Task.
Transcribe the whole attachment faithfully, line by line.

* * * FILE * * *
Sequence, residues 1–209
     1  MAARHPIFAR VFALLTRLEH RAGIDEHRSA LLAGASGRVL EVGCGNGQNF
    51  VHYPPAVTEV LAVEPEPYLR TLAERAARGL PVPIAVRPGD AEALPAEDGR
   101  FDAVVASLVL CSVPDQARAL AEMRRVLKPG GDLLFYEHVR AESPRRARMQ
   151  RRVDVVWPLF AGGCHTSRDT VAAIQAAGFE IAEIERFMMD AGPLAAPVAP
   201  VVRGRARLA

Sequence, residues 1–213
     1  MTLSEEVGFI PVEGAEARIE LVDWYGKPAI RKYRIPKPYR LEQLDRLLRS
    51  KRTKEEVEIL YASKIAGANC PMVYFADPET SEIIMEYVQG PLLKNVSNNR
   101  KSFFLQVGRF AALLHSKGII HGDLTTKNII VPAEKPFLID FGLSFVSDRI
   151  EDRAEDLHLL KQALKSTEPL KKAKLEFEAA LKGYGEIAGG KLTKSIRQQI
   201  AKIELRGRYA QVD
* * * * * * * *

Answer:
Sequence, residues 1–209
     1  MAARHPIFAR VFALLTRLEH RAGIDEHRSA LLAGASGRVL EVGCGNGQNF
    51  VHYPPAVTEV LAVEPEPYLR TLAERAARGL PVPIAVRPGD AEALPAEDGR
   101  FDAVVASLVL CSVPDQARAL AEMRRVLKPG GDLLFYEHVR AESPRRARMQ
   151  RRVDVVWPLF AGGCHTSRDT VAAIQAAGFE IAEIERFMMD AGPLAAPVAP
   201  VVRGRARLA

Sequence, residues 1–213
     1  MTLSEEVGFI PVEGAEARIE LVDWYGKPAI RKYRIPKPYR LEQLDRLLRS
    51  KRTKEEVEIL YASKIAGANC PMVYFADPET SEIIMEYVQG PLLKNVSNNR
   101  KSFFLQVGRF AALLHSKGII HGDLTTKNII VPAEKPFLID FGLSFVSDRI
   151  EDRAEDLHLL KQALKSTEPL KKAKLEFEAA LKGYGEIAGG KLTKSIRQQI
   201  AKIELRGRYA QVD